A major inhibitor in the project was the tax on recycled waste, which is higher than on virgin material. “We paid 18 per cent GST on recycled bricks instead of 5 per cent GST levied on regular bricks,” says Makkar.
This was discouraging, but it turned out to be cheaper as the use of mortar and plastering reduced. “The overall masonry cost us Rs 7,500 per cubic metre of wall. Regular masonry would have cost Rs 7,700 per cubic metre,” he says.
The Delhi government has issued an advisory asking municipal corporations to mandate 5 per cent use of recycled waste in building constructions. But there has been no progress on this. Delhi’s recycling plants are overflowing with unsold recycled products.
A big reason for this is apprehensions on the quality of products derived from waste. “We had reservations while reusing bricks from the Burari plant. It failed our quality control test. But we worked with the engineers to customise the concrete mix used in the making of bricks. The end product was stronger than regular bricks available in the market,” says Makkar.
To build end-user confidence, the facility in Ahmedabad has its recycled bricks and pavers certified green by Indian Green Building Council and Green Rating for Integrated Habitat Assessment. Gujarat Metro Rail Corporation is buying recycled waste to construct Ahmedabad Metro.
In Bengaluru, the Karnataka Department of Mines and Geology claimed the end product was a variant of sand, therefore Rock Crystal would have to pay royalty. Arguments in court established that recycling of debris is not akin to stone crushing and is therefore, not liable for royalty payment. But this has not been established in other states, and can put the recycled waste product market in danger.
The area where recycling is unviable is the informal sector. This is because it is a large-scale business. “If the technology is miniaturised, waste would be managed at the neighbourhood level itself,” says Jyoti Mhapsekar, president of Stree Mukti Sanghatana, a Mumbai-based organisation that works on waste management and environment apart from women’s empowerment, children’s education and child labour.
“The informal recycling sector is highly enterprising. Had it been possible to monetise waste, it would have been done already,” says Sarthak Tapasvi, architect with SwaCH, a non-profit that provides waste management services in Pune.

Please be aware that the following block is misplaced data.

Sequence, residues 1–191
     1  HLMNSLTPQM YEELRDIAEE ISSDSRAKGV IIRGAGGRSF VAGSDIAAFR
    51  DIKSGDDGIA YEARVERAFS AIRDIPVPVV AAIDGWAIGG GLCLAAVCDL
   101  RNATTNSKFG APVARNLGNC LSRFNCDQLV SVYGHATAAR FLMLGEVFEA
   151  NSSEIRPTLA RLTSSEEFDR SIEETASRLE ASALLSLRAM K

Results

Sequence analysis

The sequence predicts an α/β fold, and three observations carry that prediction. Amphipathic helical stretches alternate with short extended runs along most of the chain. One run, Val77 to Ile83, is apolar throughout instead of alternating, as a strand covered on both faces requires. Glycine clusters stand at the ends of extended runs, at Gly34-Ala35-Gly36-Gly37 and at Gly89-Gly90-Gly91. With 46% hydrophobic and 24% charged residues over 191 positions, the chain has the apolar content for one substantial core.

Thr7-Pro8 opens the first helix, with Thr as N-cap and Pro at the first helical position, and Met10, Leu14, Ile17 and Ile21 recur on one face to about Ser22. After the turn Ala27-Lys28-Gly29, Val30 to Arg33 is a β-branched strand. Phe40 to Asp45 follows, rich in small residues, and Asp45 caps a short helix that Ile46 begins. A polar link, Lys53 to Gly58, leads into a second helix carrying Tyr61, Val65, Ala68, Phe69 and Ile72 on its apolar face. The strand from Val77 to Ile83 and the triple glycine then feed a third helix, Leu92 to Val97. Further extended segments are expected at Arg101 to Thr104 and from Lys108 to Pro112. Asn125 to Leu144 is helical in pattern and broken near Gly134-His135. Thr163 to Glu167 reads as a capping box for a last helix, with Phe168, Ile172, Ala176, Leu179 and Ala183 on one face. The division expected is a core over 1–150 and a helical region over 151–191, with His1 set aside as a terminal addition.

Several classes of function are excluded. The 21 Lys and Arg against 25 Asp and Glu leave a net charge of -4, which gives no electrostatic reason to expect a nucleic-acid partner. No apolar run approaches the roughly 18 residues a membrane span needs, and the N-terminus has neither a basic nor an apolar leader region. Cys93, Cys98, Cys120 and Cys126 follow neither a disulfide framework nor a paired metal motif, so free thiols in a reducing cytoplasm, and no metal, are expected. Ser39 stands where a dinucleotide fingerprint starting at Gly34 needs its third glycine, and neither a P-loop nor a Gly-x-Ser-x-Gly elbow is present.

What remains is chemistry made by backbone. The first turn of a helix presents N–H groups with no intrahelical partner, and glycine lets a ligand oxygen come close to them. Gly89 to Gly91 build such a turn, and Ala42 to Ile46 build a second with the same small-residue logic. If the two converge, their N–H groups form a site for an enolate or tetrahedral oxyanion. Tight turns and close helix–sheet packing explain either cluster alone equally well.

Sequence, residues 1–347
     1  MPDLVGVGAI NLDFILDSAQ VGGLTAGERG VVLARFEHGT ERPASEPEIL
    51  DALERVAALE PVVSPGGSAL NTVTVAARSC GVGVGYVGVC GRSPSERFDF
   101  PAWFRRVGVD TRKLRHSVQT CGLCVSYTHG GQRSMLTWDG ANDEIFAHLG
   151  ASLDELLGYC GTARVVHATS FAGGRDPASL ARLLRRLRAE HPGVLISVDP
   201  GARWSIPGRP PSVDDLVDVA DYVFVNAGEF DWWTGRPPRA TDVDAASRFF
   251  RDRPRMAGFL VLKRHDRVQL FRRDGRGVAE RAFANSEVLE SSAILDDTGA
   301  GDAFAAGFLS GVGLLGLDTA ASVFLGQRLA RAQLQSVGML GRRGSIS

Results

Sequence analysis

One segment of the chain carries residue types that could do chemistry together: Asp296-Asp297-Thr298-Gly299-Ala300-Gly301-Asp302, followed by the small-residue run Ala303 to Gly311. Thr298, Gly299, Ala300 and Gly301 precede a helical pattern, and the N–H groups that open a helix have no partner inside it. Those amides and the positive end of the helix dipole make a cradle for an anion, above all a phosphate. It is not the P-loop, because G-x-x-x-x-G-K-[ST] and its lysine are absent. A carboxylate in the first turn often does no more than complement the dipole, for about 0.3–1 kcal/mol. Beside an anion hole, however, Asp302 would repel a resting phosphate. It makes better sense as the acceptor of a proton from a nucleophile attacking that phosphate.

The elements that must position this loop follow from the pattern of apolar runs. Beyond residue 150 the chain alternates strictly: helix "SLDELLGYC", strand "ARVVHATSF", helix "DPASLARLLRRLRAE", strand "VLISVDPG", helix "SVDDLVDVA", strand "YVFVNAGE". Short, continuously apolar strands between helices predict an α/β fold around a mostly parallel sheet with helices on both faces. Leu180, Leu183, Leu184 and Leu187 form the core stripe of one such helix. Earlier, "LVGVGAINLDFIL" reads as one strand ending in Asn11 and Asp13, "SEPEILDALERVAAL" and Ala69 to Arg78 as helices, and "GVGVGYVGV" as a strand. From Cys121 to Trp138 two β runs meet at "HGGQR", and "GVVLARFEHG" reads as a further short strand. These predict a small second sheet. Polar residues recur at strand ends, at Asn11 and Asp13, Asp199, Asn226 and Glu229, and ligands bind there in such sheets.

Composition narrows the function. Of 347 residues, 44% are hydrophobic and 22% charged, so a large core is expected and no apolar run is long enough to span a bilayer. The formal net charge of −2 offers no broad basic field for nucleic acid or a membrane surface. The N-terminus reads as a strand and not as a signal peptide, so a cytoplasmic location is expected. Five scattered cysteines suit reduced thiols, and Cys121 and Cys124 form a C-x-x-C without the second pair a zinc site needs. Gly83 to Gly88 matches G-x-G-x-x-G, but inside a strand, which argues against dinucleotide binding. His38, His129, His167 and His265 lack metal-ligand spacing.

There are good practices that can be emulated. For instance, no waste leaves any construction or demolition site in Dharavi, says Rahul Srivastava of Urbz, a group of architects and planners that works in the slums of Mumbai.
“We salvage all the building materials for reuse from any demolition site. Things that cannot be reused get used for backfilling. Urbz aids and trains masons and contractors to make better use of space, materials and even finances.
A similar approach to salvage building materials from demolition waste is being undertaken at a Kailash Colony lane where Kumar is redeveloping a building. The house was deconstructed, with each brick, window and door meticulously retrieved from the walls and stacked in neat piles for resale. The only bit that could not be salvaged was the concrete from the columns and the floor slabs.
These had to be sent to waste disposal sites. The process was not much slower from Kumar’s outright demolition approach, and involved a lot more skill. The owners of the house made money selling the recovered building materials instead of paying to a transporter to dump it at an illegal destination. There is an urgent need to work more in this direction and come out of the deluge of debris.
(This article was first published in Down To Earth's print edition dated June 16-30, 2019)